Bye was a thirty minute solo for Guillem starting behind a projection screen (with a whimsical extreme close-up) she climbs up it trying to make it through to the stage. Almost a flashback from some extraordinary visual effects they employed for her last Sadler’s Wells outing two years ago with Eonnagata. This time round it was employed in a much more humorous way. She relished appearing in surely the most frumpy stage outfit any dancer would ever wear. A mustard coloured skirt with a purple patterned shirt, a green cardigan and a pair of pink pop socks (that she quickly removes alongside her shoes and dances barefoot). She seemed to be portraying a homely figure on stage with a rather cooky sense of joie de vivre…she made all too clear with three headstands where she created a Y shape and held with sheer excitement.

The piece had Sylvie’s signature high kicks and mesmerizing fluidity. The projections on the door-like opening continue throughout the work with some live video of her stretched on the floor, almost in a simulation of a full body photocopying process. Her in sync and out of sync movements on the screen both mirrored the action and frozen the narrative into a purely aesthetic product. When things turned “too pretty” a man appears on-screen that is clearly looking for her and followed by a sweet docile family dog (which caused a lot of laughter in the auditorium) which was followed by a huge family looking at her dancing. The humour and Guillem’s magnetic presence was clearly the core of the piece. Almost a glimpse of a more domestic Sylvie that lifts her everyday life with humorous posing and a few playful headstands? It was endearing and heartfelt, the kind of piece that hits one’s heart straight on. She was dancing to the Arietta from Beethoven’s last piano sonata Op.111 as played by Ivo Pogorelich. As a certain (wonderful) pianist said to me it was a very dull piece and he’s milking its dullness but this was exactly the right piece for the occasion. She elevated the pretty straight-laced music into an extraordinary conversation. The movement both following the sound but also adding meaning and tenderness.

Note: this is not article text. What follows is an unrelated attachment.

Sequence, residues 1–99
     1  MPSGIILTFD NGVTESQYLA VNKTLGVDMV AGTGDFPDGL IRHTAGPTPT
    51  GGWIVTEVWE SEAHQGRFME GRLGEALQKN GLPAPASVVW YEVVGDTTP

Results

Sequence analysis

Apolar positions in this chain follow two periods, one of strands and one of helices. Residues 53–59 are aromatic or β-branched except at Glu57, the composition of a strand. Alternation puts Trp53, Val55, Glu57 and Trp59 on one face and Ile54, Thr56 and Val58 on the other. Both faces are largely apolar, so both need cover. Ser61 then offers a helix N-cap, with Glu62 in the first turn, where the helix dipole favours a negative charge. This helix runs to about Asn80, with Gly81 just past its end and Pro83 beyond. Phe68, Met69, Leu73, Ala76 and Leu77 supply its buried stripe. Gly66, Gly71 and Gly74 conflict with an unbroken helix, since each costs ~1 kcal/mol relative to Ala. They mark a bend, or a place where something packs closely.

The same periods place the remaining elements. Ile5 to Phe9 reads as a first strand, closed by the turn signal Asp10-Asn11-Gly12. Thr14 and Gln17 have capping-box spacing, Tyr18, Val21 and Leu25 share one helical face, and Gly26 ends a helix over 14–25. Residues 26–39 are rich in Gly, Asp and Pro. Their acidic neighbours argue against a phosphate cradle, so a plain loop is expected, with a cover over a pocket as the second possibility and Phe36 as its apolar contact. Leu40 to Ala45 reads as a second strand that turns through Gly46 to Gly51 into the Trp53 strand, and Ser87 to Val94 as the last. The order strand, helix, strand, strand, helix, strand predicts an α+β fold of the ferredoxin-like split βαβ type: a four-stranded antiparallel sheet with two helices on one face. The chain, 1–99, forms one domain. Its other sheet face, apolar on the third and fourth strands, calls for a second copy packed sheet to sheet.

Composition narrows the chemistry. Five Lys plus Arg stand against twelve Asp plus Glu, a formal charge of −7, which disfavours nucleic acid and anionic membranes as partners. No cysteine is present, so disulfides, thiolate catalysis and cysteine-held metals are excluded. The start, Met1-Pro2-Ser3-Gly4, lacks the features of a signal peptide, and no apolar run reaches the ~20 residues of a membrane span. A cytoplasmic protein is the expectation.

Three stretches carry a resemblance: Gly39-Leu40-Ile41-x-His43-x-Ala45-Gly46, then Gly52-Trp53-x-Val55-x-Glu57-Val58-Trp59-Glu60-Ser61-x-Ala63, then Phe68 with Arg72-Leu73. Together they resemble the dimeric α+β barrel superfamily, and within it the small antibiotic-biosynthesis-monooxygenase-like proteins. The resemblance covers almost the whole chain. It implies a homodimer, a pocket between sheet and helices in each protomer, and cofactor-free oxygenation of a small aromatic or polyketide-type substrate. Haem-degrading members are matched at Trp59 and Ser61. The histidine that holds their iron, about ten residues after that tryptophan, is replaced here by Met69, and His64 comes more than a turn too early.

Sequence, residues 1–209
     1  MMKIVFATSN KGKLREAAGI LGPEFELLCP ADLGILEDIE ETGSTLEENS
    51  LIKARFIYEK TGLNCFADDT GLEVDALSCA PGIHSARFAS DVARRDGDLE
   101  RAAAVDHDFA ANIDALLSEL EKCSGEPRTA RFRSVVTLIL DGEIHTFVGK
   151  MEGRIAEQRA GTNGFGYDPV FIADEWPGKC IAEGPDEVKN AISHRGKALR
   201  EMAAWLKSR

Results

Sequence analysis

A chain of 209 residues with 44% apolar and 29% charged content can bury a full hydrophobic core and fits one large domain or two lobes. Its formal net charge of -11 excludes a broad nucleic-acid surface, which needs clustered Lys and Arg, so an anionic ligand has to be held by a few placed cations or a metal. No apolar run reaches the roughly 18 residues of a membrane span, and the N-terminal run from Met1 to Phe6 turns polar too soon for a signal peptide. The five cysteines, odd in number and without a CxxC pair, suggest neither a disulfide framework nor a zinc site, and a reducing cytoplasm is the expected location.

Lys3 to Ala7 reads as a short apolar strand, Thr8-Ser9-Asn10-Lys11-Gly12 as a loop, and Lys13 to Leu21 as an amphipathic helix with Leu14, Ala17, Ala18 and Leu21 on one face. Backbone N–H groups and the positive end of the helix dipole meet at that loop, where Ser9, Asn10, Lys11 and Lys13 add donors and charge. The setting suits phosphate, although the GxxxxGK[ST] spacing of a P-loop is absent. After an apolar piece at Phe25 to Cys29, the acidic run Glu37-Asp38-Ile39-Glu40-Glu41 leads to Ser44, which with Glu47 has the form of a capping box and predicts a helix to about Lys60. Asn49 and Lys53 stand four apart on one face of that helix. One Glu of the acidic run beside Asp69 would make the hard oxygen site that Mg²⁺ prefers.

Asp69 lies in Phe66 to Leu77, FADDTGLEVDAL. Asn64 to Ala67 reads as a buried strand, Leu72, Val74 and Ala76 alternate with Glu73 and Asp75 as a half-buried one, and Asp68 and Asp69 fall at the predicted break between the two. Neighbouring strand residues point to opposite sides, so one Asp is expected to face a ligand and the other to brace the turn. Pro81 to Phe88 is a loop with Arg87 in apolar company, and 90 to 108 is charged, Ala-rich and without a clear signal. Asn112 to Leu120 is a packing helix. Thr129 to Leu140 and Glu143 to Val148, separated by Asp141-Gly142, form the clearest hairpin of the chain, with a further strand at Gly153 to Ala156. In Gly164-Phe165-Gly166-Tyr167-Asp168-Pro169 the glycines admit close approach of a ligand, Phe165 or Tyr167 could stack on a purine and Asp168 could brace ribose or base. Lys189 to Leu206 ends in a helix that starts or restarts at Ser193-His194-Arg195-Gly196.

All in all it was moving, it was intelligent, it was skilful. A great evening out with arguably the greatest ballerina of our times.

PS it was a rather funny audience on the night a mix of ex dancers, assorted musicians (including Stephen Hough on front row) a mother with her 10-year-old son and a biker in full leather gear that brought his helmet in the auditorium! Not the kind of audience one would see at the Coliseum or the Royal Opera House which got me thinking about how different dance audiences are to opera ones! One interesting extra thing was how the performance started, with the lights still on the curtain opened and Le Riche and Guillem stood immobile in the darkened stage quietly silencing the loud chatting audience an effective and engaging start to a memorable evening. I will be seeing it again in September, will make sure to add any more observations to this piece if need be.

2012 Update

Sylvie Guillem was awarded the Outstanding Female Performance (Modern) prize for 6.000 Miles Away at the The 12th (The Critics’ Circle) National Dance Awards in London on 23 January 2012. 

2013 Update

With the upcoming return of Guillem to Sadler’s Wells the Guardian has put online some filmed excerpts from 6.000 miles away.